Gender segregation reinforces negative views about women, undermines their right to participate in public life on equal terms with men and disproportionately impedes women from ethnic and religious minorities, whose rights to education and gender equality are already imperilled.

The practice first came to light after two men were forcibly removed from the ‘Women’s’ section and several students were refused entrance to the ‘female only’ section at a public debate at University College London (UCL) on 9 March 2013 between the Islamist Hamza Tzortzis and the American cosmologist Lawrence Krauss, organised by Tzortzis’s Islamic Education and Research Academy. Seating at the event was divided such that men were seated at the front of the lecture theatre and women at the back. The two men were readmitted only after Lawrence Krauss threatened to pull out of the debate (video) if segregation was enforced. Following an internal investigation, UCL banned the organisers from conducting events on their campus in future and reaffirmed its Policy on Gender Segregation.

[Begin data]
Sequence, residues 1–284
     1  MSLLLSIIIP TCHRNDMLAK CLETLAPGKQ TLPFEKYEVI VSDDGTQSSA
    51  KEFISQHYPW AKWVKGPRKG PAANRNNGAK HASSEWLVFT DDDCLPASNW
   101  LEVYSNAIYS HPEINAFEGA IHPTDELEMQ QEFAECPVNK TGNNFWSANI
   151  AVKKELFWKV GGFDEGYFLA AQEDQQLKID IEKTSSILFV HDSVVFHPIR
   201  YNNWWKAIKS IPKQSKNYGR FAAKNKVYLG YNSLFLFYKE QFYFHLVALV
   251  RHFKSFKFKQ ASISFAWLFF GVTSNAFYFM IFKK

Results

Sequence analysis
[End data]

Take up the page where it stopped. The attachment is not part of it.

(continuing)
We are compelled to seek your intercession in this matter after Universities UK (UUK), the representative body of British universities, issued, on 22 November 2013, Guidance for universities on ‘External speakers in higher education institutions’. The Guidance featured a hypothetical case study (of a visiting speaker who insisted that the audience be segregated by gender) which concluded that “assuming the side-by-side segregated seating arrangement is adopted, there does not appear to be any discrimination on gender grounds merely by imposing segregated seating”. The case study triggered a protest by students and women’s rights campaigners outside the London offices of UUK on 10 December 2013, and, following sustained criticism, was withdrawn on 13 December, pending further legal advice. (The original guidance is attached: ExternalSpeakersInHigherEducationInstitutions.)